Commodity trading firm Trafigura Pte Ltd on Tuesday (23 May) published new research highlighting the vital role that hydrogen-based fuels will play in decarbonising shipping – and the enormous potential for countries in the ‘Global South’ to produce green ammonia and green methanol to satisfy growing global demand for these low-emission fuels.
The whitepaper titled ‘Charting a course to a greener future for shipping: Low-emission fuel supply and the opportunity for the Global South’ highlighted fuels of the future including hydrogen as a feedstock, methanol, ammonia and biofuels as well as Trafigura’s analysis on low-emission fuel supply production.
“Our research estimates the ‘Global South’ could produce almost 4,000 exajoules per year of competitively priced green hydrogen, against projected annual shipping demand of 20 to 40 exajoules. This could provide developing countries with the chance to develop new export industries and create thousands of skilled jobs,” said Margaux Moore, co-author and Head of Energy Transition Research and Venture Investments at Trafigura.
“It will, however, only be realised if the shipping industry can agree on ambitious decarbonisation targets and, crucially, implement a global price on carbon for marine fuels.”
According to the whitepaper, eletrofuels produced in the Global South could be two times more competitive than those produced in Europe.
“At USD2.00 per kilogramme of green hydrogen, the estimated production costs of electrofuels in the Global South is approximately USD750 per tonne, whereas in Europe, with higher electricity prices, it would be closer to USD1,200 to USD1,500 per tonne,” it said.
“Even at USD4.00 per kilogramme of green hydrogen, electrofuels produced in the Global South would still be 20 percent cheaper than electrofuels produced in Europe, where we assume a cost of USD5-6 per kilogramme for green hydrogen,” it said.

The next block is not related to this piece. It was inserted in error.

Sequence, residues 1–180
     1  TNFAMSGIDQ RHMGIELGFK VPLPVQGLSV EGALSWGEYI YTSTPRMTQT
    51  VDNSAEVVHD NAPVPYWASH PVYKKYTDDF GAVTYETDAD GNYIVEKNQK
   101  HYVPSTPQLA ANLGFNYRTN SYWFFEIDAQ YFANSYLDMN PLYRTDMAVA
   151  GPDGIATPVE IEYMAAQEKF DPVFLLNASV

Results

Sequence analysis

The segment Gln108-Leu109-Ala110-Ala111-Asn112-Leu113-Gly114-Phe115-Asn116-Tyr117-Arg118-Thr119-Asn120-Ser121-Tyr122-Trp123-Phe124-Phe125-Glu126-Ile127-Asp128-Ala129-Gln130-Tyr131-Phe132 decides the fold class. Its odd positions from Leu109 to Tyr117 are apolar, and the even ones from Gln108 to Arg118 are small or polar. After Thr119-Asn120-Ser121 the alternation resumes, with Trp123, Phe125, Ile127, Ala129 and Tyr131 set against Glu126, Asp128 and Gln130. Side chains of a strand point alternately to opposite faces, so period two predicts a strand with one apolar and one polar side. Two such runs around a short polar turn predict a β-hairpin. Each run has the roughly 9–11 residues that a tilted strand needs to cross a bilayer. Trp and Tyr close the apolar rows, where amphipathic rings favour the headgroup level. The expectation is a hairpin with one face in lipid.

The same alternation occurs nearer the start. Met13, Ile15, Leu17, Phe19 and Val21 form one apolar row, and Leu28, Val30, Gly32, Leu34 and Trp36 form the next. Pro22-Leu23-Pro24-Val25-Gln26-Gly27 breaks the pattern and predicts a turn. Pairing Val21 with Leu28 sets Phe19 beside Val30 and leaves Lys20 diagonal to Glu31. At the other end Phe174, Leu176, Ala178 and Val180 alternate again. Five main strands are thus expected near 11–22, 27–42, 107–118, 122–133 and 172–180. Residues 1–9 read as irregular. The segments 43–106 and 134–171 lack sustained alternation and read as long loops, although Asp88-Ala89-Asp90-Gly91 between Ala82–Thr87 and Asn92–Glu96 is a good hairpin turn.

The whitepaper used the term electrofuels to describe shipping fuels derived from green hydrogen, which is produced from electrolysis of water using renewable power.
The paper also found that Latin America, sub-Saharan Africa, the Middle East and Oceania have the potential to produce up to 3,852 exajoules of renewable hydrogen, almost 100 times the amount required to decarbonise the shipping industry.
According to Trafigura’s internal research experts, the global demand for bunker fuel is expected to reach 290 million a year or around 5 million barrels of high sulphur fuel oil per day by 2030.
The firm also expects methanol bunker demand to reach at least 3 to 4 million mt per year by 2027 taking into consideration the current order book for methanol dual-fuelled vessels according to its research.
Trafigura said the International Maritime Organization (IMO) is in the process of revising its initial GHG strategy and 2023 presents an important window of opportunity to set a zero, or at minimum net zero, GHG emissions target by 2050, together with ambitious goals for 2030 and 2040.
By agreeing and implementing demanding science-based decarbonisation targets in its revised GHG Strategy, the IMO can accelerate the development of low- and zero-emission fuels and establish global fuel standards, which together will attract the investment needed to overhaul the infrastructure of the global shipping industry and retrofit, or build, new ships at scale, the firm added.
“Delaying action will only add to the eventual cost of decarbonisation. The IMO needs to decisively move forward to tackle the shipping industry’s emissions and start the journey to a sustainable and resilient future,” added Rasmus Bach Nielsen, Global Head of Fuel Decarbonisation at Trafigura and co-author of the whitepaper.
Note: The white paper titled ‘Charting a course to a greener future for shipping: Low-emission fuel supply and the opportunity for the Global South’ can be downloaded here.
Photo credit: Trafigura
Published: 24 May, 2023
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